FARMINGDALE, N.Y. Just when you thought Phil Mickelson had the fairy-tale angle all to himself, the fractured first two days of the U.S. Open served up a couple of other protagonists whose surprise appearances on the leader board added even more emotional resonance to a tournament that has suddenly gone soft.
\nMickelson began his Open a day late and opened with a solid 69 in front of adoring fans, then finished up by going even par over 11 holes in a second round that began at 4:30 p.m. and was halted by darkness three and a half hours later. But during an endless Friday at rain-softened Bethpage, he had to share top billing with Rocco Mediate and David Duval, a couple of warriors who, respectively, are trying to steal the show for a second straight year and continue a climb out of the abyss.
\nMediate was a lovable loser last year in his epic 91-hole tussle with Tiger Woods at Torrey Pines, but he suddenly seems determined to be more than a mere sideshow. He produced a series of stellar iron shots en route to a first-round 68 that left him tied for fifth behind Mike Weir's sizzling 64 (a score that somehow included a double bogey). Before the second round was suspended by darkness, Mediate began to struggle, playing 10 holes in four over and falling eight behind Glover, the Southern gentleman who scorched Bethpage for five birdies in 13 holes during the afternoon. Having completed 13 holes in the second round, Glover stood at six under, one stroke ahead of 2002 U.S. Amateur champ Ricky Barnes, who was through nine.
\nDuval has had a perceptible swagger ever since he played his way through Open qualifying, and in his first round at the Black he went five under over the final 14 holes to post a 67, tying for third. Duval, whose last few seasons have been a struggle to recapture even a semblance of his old form, hung in there during a scrappy afternoon and was clearly energized by the dawn-to-dusk tour of Bethpage. "I hope I would appreciate it more," the 2001 British Open champ said of being in the mix at another major. "I have a very good idea what great golf is about and what bad golf is about."
\n The U.S. Open is supposed to be the most heartless of tournaments, but all the warm and fuzzy storylines on the leader board only add to the unreality of the first two days at Bethpage. The greens were so soft that players were routinely sucking back approach shots out of the rough. What is supposed to be golf's ultimate examination was turned into a potluck banquet as muddy golf balls were the norm in the fairway, especially when the first round was restarted at 7:30 a.m. Tiger Woods let a good round get away with a sloppy finish that included an errant mudball on the 16th hole. Woods's 74 was over by the brunch hour, and he wasn't scheduled to appear again until 10:06 a.m. on Saturday when he, like the others in the early Thursday groupings, will embark on their round two.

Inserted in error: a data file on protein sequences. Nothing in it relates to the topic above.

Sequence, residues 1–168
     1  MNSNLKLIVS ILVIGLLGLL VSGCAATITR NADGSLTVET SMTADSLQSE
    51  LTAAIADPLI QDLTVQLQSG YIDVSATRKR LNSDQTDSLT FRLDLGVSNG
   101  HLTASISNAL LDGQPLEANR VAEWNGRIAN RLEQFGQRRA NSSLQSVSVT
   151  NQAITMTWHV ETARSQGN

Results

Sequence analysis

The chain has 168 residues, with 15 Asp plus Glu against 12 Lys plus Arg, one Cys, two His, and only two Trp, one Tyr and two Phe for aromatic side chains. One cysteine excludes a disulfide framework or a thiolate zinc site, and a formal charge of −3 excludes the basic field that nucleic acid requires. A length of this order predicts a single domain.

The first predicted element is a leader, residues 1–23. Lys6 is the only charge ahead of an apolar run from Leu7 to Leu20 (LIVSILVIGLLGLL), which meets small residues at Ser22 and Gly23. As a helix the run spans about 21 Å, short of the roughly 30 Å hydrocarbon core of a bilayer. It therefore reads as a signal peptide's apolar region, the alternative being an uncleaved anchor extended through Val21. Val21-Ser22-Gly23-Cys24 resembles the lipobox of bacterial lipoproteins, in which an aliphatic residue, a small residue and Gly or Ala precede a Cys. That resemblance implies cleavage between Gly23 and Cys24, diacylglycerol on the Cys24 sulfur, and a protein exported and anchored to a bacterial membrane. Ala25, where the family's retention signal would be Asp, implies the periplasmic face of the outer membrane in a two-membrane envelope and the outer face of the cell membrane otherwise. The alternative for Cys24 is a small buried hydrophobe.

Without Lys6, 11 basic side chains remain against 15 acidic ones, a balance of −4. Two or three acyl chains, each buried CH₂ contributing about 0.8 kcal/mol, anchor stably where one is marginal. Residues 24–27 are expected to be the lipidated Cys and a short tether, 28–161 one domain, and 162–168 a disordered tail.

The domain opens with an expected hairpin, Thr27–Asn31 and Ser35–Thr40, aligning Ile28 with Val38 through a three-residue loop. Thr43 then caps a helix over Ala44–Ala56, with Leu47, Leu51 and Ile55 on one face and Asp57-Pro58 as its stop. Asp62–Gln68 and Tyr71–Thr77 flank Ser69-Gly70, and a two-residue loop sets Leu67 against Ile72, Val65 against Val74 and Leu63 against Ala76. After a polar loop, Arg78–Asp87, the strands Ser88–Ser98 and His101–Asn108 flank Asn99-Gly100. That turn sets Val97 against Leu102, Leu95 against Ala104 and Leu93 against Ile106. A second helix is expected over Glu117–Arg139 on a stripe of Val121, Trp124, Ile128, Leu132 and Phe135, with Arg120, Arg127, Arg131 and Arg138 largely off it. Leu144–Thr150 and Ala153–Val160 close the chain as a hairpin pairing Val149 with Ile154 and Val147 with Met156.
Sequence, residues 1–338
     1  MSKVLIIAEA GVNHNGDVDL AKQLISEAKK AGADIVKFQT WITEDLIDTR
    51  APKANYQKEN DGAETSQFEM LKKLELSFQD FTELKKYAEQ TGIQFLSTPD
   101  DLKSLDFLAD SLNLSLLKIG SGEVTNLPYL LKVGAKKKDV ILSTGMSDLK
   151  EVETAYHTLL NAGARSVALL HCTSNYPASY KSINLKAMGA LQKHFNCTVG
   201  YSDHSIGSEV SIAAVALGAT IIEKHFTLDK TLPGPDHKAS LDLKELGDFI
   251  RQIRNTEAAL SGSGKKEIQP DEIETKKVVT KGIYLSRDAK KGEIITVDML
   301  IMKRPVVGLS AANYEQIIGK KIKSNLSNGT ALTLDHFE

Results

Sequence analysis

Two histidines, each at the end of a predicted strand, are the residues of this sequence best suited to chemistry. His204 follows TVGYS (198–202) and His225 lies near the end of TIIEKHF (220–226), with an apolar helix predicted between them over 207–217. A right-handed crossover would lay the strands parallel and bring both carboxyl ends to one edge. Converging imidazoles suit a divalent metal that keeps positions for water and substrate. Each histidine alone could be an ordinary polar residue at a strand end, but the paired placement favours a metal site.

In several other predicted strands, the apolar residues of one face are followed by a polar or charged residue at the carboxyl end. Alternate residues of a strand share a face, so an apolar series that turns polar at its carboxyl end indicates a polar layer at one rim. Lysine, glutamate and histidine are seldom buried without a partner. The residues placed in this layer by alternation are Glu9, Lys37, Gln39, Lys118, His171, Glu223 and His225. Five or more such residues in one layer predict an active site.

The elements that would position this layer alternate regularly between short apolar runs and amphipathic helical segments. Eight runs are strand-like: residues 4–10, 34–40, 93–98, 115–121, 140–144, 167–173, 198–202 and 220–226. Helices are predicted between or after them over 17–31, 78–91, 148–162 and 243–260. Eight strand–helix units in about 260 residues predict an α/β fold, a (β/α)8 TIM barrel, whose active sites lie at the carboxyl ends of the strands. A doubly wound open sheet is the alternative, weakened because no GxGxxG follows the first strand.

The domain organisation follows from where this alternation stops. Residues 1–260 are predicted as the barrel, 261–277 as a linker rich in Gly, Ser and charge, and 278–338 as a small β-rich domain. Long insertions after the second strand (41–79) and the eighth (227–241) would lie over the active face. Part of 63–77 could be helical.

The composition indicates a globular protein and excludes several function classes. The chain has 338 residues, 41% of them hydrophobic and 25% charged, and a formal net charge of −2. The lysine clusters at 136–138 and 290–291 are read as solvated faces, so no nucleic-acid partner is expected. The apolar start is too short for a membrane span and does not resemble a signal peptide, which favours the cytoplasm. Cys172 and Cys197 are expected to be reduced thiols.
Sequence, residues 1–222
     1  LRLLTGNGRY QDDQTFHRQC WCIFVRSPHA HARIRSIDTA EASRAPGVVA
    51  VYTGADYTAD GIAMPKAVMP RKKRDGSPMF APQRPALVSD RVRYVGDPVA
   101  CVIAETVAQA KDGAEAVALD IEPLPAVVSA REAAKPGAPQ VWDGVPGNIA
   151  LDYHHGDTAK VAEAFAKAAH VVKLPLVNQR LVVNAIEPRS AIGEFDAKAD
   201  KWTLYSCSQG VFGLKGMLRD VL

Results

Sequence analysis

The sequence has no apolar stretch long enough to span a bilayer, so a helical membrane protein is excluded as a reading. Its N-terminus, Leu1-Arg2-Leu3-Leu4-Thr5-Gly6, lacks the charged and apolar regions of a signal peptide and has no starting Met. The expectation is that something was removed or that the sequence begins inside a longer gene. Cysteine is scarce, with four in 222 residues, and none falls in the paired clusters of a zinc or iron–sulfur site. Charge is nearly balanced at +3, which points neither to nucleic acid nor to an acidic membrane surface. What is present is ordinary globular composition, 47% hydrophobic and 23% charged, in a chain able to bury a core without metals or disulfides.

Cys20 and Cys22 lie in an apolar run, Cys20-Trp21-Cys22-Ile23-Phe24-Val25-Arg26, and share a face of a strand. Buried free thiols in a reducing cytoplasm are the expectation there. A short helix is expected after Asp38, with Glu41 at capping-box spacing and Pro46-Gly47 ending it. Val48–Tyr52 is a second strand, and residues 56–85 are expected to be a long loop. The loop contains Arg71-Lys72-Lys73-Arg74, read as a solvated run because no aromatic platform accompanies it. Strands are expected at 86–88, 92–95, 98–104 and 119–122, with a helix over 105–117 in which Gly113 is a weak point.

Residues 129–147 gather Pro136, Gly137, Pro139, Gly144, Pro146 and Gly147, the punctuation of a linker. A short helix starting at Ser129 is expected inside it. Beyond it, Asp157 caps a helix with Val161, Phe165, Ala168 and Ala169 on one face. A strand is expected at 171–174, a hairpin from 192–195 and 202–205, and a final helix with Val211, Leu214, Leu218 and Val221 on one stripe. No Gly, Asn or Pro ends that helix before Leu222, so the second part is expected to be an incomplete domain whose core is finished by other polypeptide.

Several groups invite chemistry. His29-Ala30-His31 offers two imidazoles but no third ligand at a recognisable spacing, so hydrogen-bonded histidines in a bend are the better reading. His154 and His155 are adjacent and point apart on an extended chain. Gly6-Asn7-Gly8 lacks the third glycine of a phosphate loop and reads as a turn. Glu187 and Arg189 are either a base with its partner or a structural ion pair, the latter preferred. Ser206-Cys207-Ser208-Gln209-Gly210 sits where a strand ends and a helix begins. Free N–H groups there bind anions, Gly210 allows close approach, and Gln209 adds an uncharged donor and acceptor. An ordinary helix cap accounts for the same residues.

\nThe foreboding Saturday forecast includes a high probability of thunderstorms. Best case is that the second round is completed by Saturday evening and the Open concludes on Sunday in the dark after a rousing 36-hole finale. Worst case is the cut isn't made until sometime on Sunday evening and the Open finishes on Monday. Or Tuesday. Or, if the long-range forecast is correct, in July.
How sunny a player's attitude is through these upside-down opening rounds largely depends on the numbers on his scorecard. Despite his balky back, Mediate was raring to go between rounds. "Even though I'm old, I can still get around a little bit," he woofed.
\n With his iron game dialed in, Weir was among the many afternoon and evening players anxious to squeeze in as many holes as possible on a defanged golf course during a warm, windless Friday. "Our side [of the draw] definitely had a big advantage," said Weir, who has finished in the top six at three of the last six Opens. "For us to be able to play in nice conditions all day like this is huge."
\n Glad Weir enjoyed it. Everyone around beleaguered Bethpage is hoping the rest of this Open is equally pleasant. It's a nice thought, but it might just be another fairy tale.